Music Album Review: 'Lulu' by Lou Reed and Metallica
The studio album 'Lulu' has iconic rocker Lou Reed joining forces with heavy metal legends Metallica
I believe the idea for Lulu came about after Reed and Metallica played at the 25th Anniversary of the "Rock and Roll Hall of Fame" in 2009 when Reed claimed that he and Metallica were made for each other.
Fans disagreed with the former Velvet Underground frontman, and the album was poorly received. However, contrary to what is abundantly circulated among the cybernauts of the press or even among the most respected critics of the heavy universe, Lulu wasn't "the worst album of the year" (even if one can admit that it was a serious candidate for the "strangest").
Lulu: Track-by-track analysis
But in fact, it's easy to admit that the acoustic introduction to the first song, "Brandenburg Gate," with Reed in a demented, almost catatonic spoken word register, risks being ranked among the worst openings ever for a heavy music album. The discourse is so tautological that Reed's babbled recording crosses the boundaries of the sufferable, settling down in the realm of the inaudible, out of tune and stripping the song of any shred of musical harmony.
The transition from acoustic to electric leads one for a moment to think that Hetfield is going to take the reins of the theme, but in fact, all Metallica's "frontman" does until the end is shout "small-town girl," while Reed lengthens the cacophony.
"The View" is a musically well-made track, with heavy and distorted riffs but utterly incompatible with Reed's voice, and it is when Hetfield takes the lead that the theme seems to take off and gain some momentum.
"Pumping Blood" is one of the rare moments in which Reed's "spoken word" register ends up working convincingly within the instrumental framework created by Metallica, perhaps because here too, we try to create the same chaos and reverie that emanates from Reed's voice, generating a hallucinated jam session effect.
"Mistress Dread" has an appealing beginning, but when Lou Reed's out-of-tune voice comes in, we realize that we are going to find just more of the same, with Reed's voice, at certain moments, going borderline ludicrous.
In "Iced Honey," there is a better fit between voice and instruments, and the song has some good melodic notes, mainly when Hetfield's voice builds the substrate for Reed during the duets in the chorus.
"Cheat On Me" embarks on the path of nihilistic experimentalism. The theme develops in an increasing degree of dynamics, starting diaphanous and ethereal but evolving towards greater organicity. The song is marked by the obsessive redundancy of the words that echo through the aggressive riffs and the crazy percussion beats, "Cheat On Me" turns out to be an interesting cathartic exercise.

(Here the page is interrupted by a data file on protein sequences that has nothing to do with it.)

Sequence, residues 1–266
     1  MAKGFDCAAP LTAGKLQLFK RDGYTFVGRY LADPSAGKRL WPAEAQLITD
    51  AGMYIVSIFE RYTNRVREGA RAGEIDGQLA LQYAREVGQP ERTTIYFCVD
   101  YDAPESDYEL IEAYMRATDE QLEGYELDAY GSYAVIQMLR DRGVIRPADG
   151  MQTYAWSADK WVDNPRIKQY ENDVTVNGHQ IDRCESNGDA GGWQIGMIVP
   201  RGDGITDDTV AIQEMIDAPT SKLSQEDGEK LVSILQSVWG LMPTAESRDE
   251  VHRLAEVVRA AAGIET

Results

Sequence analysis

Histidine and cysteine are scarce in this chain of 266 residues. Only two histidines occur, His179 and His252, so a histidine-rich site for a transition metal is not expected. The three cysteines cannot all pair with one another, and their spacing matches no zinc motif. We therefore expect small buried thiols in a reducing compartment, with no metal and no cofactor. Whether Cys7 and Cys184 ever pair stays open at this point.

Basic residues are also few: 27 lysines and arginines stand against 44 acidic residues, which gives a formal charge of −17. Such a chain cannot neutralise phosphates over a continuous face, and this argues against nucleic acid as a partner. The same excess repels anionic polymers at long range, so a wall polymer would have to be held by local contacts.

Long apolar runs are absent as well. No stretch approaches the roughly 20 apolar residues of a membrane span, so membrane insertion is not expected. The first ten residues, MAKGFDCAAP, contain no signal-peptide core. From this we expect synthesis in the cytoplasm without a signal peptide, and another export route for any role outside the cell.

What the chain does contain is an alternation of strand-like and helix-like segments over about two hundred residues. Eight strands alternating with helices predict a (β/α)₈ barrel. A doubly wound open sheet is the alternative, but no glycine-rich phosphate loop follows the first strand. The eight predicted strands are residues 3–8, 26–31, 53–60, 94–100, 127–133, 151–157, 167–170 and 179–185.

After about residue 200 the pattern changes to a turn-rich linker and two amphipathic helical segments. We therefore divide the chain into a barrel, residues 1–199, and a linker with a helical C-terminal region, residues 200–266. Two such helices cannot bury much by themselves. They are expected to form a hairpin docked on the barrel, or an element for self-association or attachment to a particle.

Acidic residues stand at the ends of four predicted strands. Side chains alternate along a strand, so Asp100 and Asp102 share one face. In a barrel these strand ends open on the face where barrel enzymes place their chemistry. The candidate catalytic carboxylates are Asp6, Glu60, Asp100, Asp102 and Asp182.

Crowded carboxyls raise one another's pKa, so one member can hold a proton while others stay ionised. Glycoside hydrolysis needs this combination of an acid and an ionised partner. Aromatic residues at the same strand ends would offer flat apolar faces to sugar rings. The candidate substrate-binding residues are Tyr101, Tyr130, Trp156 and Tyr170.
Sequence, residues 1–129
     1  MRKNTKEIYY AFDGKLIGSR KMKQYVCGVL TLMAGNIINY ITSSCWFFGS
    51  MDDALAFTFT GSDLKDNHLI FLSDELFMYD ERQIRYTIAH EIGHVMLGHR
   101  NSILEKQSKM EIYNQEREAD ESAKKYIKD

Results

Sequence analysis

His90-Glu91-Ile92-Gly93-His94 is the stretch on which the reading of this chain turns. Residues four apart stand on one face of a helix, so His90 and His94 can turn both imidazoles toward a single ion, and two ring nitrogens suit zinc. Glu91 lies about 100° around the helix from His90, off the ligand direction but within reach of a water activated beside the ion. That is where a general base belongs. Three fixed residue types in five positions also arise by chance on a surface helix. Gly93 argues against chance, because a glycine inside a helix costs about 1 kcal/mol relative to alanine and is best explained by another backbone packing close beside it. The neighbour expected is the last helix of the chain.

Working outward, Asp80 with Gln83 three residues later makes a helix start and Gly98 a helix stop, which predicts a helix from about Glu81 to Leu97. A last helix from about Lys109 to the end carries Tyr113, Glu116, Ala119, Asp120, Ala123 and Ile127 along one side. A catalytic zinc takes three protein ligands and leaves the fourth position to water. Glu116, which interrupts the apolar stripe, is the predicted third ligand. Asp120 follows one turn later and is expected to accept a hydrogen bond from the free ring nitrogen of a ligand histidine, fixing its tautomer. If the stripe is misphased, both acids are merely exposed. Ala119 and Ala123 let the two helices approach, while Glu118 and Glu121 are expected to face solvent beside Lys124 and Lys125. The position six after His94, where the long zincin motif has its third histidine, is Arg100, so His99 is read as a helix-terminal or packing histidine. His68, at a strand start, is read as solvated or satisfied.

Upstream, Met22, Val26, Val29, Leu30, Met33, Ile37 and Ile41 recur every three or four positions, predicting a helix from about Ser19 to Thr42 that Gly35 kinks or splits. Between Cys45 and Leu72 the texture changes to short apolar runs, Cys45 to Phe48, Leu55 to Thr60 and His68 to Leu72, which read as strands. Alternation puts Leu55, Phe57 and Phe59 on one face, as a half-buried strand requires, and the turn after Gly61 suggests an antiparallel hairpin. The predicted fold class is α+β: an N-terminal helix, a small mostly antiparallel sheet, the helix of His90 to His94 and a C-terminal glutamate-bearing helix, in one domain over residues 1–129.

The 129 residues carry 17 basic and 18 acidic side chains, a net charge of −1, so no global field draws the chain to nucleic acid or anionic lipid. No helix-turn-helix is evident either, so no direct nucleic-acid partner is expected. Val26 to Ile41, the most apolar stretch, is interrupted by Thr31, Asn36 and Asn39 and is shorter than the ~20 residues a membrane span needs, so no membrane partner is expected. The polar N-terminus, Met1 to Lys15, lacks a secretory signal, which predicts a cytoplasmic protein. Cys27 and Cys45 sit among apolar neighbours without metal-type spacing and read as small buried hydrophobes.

"Frustration" follows the same conceptual baton. Still, it adds a little more rhythmic diversity through a not-so-fluid structure and different speeds, constantly oscillating between the experimentalism and the heavier register.
In "Little Dog" reigns the acoustic minimalism, and it's in this register that Reed's voice ends up fitting more convincingly. Devoid of any caustic boldness and stripped of extra effects, "Little Dog" is an unpretentious song that owes more to Reed's universe than Metallica.
"Dragon" is the song that seems to confer some matrix identity to this union between Lou Reed and Metallica. Reed manages to hit the problematic limbo between the sung and the spoken, and Metallica's performance is explosive and assertive, with plenty of distortion in the mix, again, jam session style.
"Junior Dad," with its "requiem" tone of perverse and grim liturgy, goes on for twenty minutes and acquires an identity of its own with magisterial dimensions. Reed finds Ariadne's thread and walks again, even if in a sometimes hesitant way, this instrumental labyrinth exemplarily woven by Metallica.
As such, Lulu owes, in its genesis, much more to Lou Reed himself than to Metallica or the protagonist of German playwright Frank Wedekind's opera. It is wrong to think that the album is a hybrid creation that meets halfway between Reed and Metallica, a kind of "Loutallica." Lulu is all about Lou, and this ends up encasing the album in an oppressive, reductive dimension.
"Pumping Blood," "Dragon" and "Junior Dad" are, however, the exception that confirms the rule and together they make what, with proper maturation, could be a genuinely original and iconoclastic musical universe resulting from the genetic combination of Metallica and Lou Reed.
Above all, one must understand that we are dealing with two musical entities that have nothing to prove, nor do they need to account for the work they do; both have reached a status that allows them to create for the simple pleasure of producing an artistic object.
Metallica will not be at all worried about the fact that Lulu sold 15,000 copies in the first week when Death Magnetic sold 49,000, i.e., it doesn't matter that Lulu doesn't sell copies, the fact is that we are still writing about the album and commenting on it, and the most remarkable artistic productions are those that inspire others to formalize an idea or an opinion.
In conclusion, we can establish a parallel between Lulu and Müller no Hotel Hessischer Hof by Mão Morta (an opus equally conceptual and inspired by the work of another German playwright, Heiner Müller).
Thus, I wonder how this album would be if instead of a Lou Reed/Metallica partnership, we were facing an Adolfo Luxúria Canibal/Metallica fusion. As that probably will never happen, check out Adolfo's band, Mão Morta, playing with Moonspell.
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